Homeostasis of cyclic-di-AMP in Mycobacterium smegmatis: Functional and structural contributions of c-di-AMP synthase (MsDisA) and hydrolase (MsPDE)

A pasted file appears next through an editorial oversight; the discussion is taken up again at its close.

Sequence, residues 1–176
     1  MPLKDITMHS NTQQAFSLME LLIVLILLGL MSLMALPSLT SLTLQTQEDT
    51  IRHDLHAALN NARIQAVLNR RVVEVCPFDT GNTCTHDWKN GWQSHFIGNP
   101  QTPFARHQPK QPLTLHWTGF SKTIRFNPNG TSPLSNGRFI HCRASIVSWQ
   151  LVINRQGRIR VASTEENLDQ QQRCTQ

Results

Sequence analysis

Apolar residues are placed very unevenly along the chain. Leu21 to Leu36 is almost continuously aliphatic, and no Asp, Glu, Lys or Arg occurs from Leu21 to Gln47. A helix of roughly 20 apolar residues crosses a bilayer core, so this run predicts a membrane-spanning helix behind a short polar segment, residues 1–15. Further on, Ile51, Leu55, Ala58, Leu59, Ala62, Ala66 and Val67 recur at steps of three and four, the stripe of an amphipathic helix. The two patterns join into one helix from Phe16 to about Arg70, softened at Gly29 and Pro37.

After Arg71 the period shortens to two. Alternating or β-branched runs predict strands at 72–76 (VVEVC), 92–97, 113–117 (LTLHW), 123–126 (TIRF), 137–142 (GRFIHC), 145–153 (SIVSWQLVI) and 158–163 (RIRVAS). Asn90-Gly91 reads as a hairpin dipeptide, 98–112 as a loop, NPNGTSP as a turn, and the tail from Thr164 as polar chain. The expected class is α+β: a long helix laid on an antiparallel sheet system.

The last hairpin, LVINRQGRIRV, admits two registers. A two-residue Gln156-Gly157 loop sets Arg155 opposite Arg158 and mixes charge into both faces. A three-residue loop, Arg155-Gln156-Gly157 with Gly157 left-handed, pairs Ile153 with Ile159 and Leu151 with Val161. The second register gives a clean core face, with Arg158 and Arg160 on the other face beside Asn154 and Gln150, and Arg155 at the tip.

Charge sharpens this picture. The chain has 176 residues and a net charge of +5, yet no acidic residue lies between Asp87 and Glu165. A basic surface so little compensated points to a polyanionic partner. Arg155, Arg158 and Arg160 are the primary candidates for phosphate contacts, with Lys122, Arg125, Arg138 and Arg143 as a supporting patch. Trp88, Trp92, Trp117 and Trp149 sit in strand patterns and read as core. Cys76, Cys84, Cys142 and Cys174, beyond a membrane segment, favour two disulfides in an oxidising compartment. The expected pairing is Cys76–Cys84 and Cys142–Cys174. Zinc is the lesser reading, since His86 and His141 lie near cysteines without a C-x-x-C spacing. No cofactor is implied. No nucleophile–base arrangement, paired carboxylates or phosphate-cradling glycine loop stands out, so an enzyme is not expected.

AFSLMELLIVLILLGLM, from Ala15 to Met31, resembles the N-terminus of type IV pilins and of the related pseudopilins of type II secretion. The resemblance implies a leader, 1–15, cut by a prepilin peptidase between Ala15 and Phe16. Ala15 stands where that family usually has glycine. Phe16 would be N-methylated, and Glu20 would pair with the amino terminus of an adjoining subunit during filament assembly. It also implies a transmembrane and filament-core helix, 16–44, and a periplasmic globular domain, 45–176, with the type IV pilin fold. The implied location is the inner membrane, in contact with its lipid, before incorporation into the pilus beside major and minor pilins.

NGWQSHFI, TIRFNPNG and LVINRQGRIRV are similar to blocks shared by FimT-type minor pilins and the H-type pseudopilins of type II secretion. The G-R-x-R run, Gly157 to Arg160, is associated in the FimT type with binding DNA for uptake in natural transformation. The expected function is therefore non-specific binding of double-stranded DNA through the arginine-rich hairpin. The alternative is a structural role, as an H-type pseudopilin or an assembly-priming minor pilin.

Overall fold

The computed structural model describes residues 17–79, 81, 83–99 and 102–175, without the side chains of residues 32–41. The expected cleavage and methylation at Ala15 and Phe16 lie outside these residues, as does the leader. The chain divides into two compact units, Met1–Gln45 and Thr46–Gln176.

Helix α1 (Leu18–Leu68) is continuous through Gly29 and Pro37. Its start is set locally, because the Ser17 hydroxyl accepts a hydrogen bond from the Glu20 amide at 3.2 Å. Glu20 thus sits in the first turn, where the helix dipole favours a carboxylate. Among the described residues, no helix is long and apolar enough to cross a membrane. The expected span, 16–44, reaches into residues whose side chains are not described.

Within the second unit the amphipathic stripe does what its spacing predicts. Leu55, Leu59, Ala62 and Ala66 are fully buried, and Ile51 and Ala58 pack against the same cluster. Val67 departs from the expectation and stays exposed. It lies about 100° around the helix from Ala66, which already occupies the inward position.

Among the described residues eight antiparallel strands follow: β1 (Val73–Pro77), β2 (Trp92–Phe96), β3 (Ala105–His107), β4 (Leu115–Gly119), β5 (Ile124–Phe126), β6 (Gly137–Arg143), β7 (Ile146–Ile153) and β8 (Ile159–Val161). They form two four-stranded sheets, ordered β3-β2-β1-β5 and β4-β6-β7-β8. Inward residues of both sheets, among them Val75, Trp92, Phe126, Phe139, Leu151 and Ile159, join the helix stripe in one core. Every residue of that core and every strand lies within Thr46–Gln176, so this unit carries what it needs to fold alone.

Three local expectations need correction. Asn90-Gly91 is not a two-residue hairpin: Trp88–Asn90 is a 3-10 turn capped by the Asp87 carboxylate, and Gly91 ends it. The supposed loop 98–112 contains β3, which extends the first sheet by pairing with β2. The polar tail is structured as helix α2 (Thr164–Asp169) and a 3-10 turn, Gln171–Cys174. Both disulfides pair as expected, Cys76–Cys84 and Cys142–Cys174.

In bacteria, cyclic-di-nucleotide based second messengers regulate various physiological processes including the stress response. For the past decades, cyclic diadenosine monophosphate (c-di-AMP) has emerged as a crucial second messenger in the bacterial world. It is an essential molecule implicated in fatty acid metabolism, antibiotic resistance, biofilm formation, virulence, DNA repair, potassium and osmotic homeostasis, sporulation etc. The level of c-di-AMP is maintained within the cell by the action of two opposing enzymes, namely diadenylate cyclases and phosphodiesterases. In mycobacteria, this molecule is essential for its regulatory role in bacterial physiology and host-pathogen interactions. However, such modulation of c-di-AMP remains to be explored in Mycobacterium smegmatis. Here, we systematically investigated the c-di-AMP synthase (MsDisA) and a hydrolase (MsPDE) from M. smegmatis at different pH and osmolytic conditions in vitro. Our biochemical assays show that the MsDisA activity is enhanced during the alkaline stress and c-di-AMP is readily produced without any intermediates. At pH 9.4, the MsDisA promoter activity in vivo increases significantly, strengthening this observation. However, under physiological conditions, the activity of MsDisA was moderate with the formation of intermediates. We also observed that the size of MsDisA is significantly increased upon incubation with the substrate. To get further insights into the structural characteristics, we solved a 3.02 Å cryo-EM structure of the MsDisA, revealing some of interesting properties. Analysis of individual domains shows that the N-terminal minimal region alone can form a functional octamer. Altogether, our results reveal the biochemical and structural regulation of mycobacterial c-di-AMP in response to various environmental stresses. Chapter 1 reviews the available literature in the field of second messengers and provide rational behind this study. The discovery of c-di-AMP was accidental, which later had known to regulate plethora of functions. This chapter stresses upon the need to investigate the significance of c-di-AMP homeostasis in Mycobacteria and the scope of the current study. Chapter 2 reports the homeostasis of c-di-AMP by DisA and PDE in M. smegmatis and the substrate-induced inhibitory mechanism of MsDisA. Promoter study suggested MsDisA is expressed in all the growth phases and the changes in the extracellular pH during mycobacterial growth give valuable hints about the trans-membrane pH regulation by the c-di-AMP molecule. Chapter 3 further elaborates the enzyme-substrate reaction and domain movement. The substrate-induced change of the MsDisA structure, which is demonstrated using biophysical characterization and Transmission Electron Microscopy (TEM) image analysis. The details on the structural characteristics of the MsDisA were obtained by cryo-EM. We reconstructed a 3.02 Å structure of MsDisA by Electron Cryomicroscopy (Cryo-EM). We observed an open-complex formation of this protein, which gives insight into the enzyme's active site. Chapter 4 describes the importance of individual domain of MsDisA in c-di-AMP synthesis and critical residues at catalytic core. This study provides a few interesting observations about the oligomerization and activity of the mutant proteins. Further, this chapter also talks about the second activity of DisA protein which binds to 4-way junctions DNA, resulting in an allosteric inhibition of c-di-AMP synthesis activity in Bacillus subtilis. Interestingly, the cryo-EM open structure of MsDisA shows a unique feature where two monomers stay apart to break D4 symmetry, preventing the protein from directly interacting with branched DNA which helps mycobacterial cell for the continuous synthesis of c-di-AMP under stress. Chapter 5 summarizes the results of the study and points out the future directions for the work. Appendix Chapters includes the work which I have carried out in my first three years. In appendix chapter 1, we worked on bacterial RNA polymerase and its smallest subunit ω. Here the emphasis of the work was to understand the mechanistic details of lethality by silent mutant of ω. Wild type ω shows a predominantly unstructured circular dichroic profile and becomes α-helical in the enzyme complex. This structural transition is perhaps the reason for the lack of function. We generated several silent mutants of ω to investigate the role of codon bias and the effect of rare codons with respect to their position in rpoZ. Not all silent mutations affect the structure. RNA polymerase when reconstituted with structurally altered silent mutants of ω is transcriptionally inactive. The Codon Plus strain, which has surplus tRNA, was used to assess for the rescue of the phenotype in lethal silent mutants. In appendix chapter 2, we have utilized 7-Aza-tryptophan to investigate whether there is binding coupled folding for omega. The photo physical properties of free 7-Aza-tryptophan give a strong red-shifted fluorescence (403 nm), which would allow us to trap the conformational changes that occur during the ω-β' interaction and sigma attachment to the core RNAP. The incorporation of non-natural analogue 7-Aza-Trp in ω was achieved by way of using an E. coli Trp auxotrophic strain (RF12) where we have overcharged the system with Tryptophanyl-tRNA synthetase (trpS) gene for proper incorporation. The interaction of 7-Aza-Trp incorporated ω with the core1 (α2ββ') RNAP is being studied here.